GCSE GEOGRAPHY SWANAGE CASE STUDY

The areas where the soft rock has eroded away, next to the headland, are called bays. They trap material being transported by longshore drift to create larger beaches which can then absorb wave energy to reduce erosion rates. It connects the Isle of Portland to the mainland. At the back of the cove is a band of more resistant chalk, so erosion is slower here. Biological weathering caused by the vegetation on the top of the headland is also breaking up the rock.

Behind the limestone is a layer of clay which is softer so more easily eroded. Sea wall Concrete sea walls are in place along most of Swanage beach. This caused the formation of Old Harry, a stack. It connects the Isle of Portland to the mainland. Groynes are wooden or stone barries which are built at right angles to the coast.

Coastal Case Studies – Mindmap in GCSE Geography

The limestone cliffs forming the back wall of the cove are vulnerable to mass movement and sometimes experience small slides and slumps. The geograpuy around Swanage is made up of bands of hard and soft rock.

However, this creates a strong backwash which removes sediment from the beach and can lead to erosion under the wall. At the back of the cove is a band of more resistant chalk, so erosion is slower here.

How is human activity, including mangement, working in combination with geomorphic processes to shape the landscape? This means waves are slowed, reducing erosion and will help to protect proprties and cliffs. It connects the Isle of Portland to the mainland. The spit has continued to join to the Isle of Portland. The entrance to the cove is narrow where the waves have geograpuy through weaknesses in the resistant limestone. Sea wall Concrete sea walls are in place along most of Swanage beach.

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Dorsert is located on the southern coast of the UK. Biological weathering caused by the vegetation on the top of the headland is also breaking up the rock.

The alternating bands of hard and soft rock run parallel to the coast. In the wintersand and shingle were dredged from the sea bed at Fase Harbour and added to the upper parts of Swanage beach creating a wider beach.

Coastal Case Studies

It has been created by longshore drift. Dorset is located in the south of England. Longshore drift affects the bay carrying material mainly gravel from the south to the north of the beach.

Its coastline has examples of many erosional and depositional landforms.

An Examination of the coast line in the Swanage Area.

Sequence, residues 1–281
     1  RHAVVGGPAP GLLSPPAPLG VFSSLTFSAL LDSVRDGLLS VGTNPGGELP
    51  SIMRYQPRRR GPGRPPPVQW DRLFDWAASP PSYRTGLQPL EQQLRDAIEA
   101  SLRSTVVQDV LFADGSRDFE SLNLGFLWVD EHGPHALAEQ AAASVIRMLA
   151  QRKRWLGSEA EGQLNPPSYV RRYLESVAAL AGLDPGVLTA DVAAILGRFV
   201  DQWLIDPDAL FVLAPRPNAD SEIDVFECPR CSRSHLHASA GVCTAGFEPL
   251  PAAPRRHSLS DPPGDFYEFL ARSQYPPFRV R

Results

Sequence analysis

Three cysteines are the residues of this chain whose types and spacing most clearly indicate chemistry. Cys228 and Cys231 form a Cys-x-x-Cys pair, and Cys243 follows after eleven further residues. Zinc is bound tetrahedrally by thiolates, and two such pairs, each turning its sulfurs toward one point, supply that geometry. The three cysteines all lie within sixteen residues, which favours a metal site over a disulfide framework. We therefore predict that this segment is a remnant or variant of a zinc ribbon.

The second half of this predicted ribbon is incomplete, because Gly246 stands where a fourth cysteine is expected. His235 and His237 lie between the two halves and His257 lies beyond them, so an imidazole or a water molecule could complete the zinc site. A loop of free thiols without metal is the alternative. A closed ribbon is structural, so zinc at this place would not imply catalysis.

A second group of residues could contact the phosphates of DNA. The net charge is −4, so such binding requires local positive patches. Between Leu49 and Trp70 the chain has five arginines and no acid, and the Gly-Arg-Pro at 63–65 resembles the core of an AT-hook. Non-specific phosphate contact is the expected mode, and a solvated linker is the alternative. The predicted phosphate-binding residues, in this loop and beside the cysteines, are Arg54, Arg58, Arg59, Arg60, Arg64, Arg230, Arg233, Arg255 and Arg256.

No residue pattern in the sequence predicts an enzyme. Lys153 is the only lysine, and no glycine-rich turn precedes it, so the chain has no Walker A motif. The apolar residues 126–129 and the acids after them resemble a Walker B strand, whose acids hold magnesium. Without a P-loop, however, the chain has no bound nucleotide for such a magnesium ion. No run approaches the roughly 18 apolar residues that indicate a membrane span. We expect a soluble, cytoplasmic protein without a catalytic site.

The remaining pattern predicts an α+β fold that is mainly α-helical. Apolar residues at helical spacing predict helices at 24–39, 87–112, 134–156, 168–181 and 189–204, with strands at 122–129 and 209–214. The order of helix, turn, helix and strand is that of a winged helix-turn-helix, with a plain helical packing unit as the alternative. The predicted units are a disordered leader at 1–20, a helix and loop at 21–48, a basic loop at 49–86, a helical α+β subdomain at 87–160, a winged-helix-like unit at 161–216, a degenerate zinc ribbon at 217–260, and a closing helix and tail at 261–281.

This is made of chalk which is a harder rock. Groynes Groynes are wooden or stone barries which are built at right angles to the coast. The soft rock is made of clay and sands, and the hard rock is chalk and limestone. But, by stopping the movement of beach material along the coast beaches further down the coast are becoming narrower and subject to more erosion due to reduced ability to absorb wave energy.

New timber groynes were installed on Swanage beach in and have reduced the loss of beach material. Elsewhere, the cliffs are not covered by vegetation, so wet weather weakens them causing slumps.

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They trap material being transported by longshore drift to create larger beaches which can then absorb wave energy to reduce erosion rates.

gcse geography swanage case study

The headland juts out into the sea, so it is more vulnerable to high-energy waves. As areas of caee Dorset coast are being eroded, properities and infrastructure are at risk. The areas where the soft rock has eroded away, next to the headland, are called bays.

gcse geography swanage case study

Coastal management strategies are being used along the Dorset coastline to prevent erosion in some areas but they have impacted the landscape and caused changes to the natural environment. This caused the formation of Old Harry, a stack.

Because there’s no erosion, there is no material to replenish the beach meaning the beach level will become lower.

Behind the spit there is The Fleet, a lagoon.

How are geomorphic processes creating coastal landforms? Groynes are wooden or stone barries which are built at right angles to the coast. Then the cove widens where the softer clays have been more easily eroded.

They reflect waves back out to sea preventing erosion of the cliff. Erosion by waves opened up a crack in the headland, which then became a cave and eventually an arch.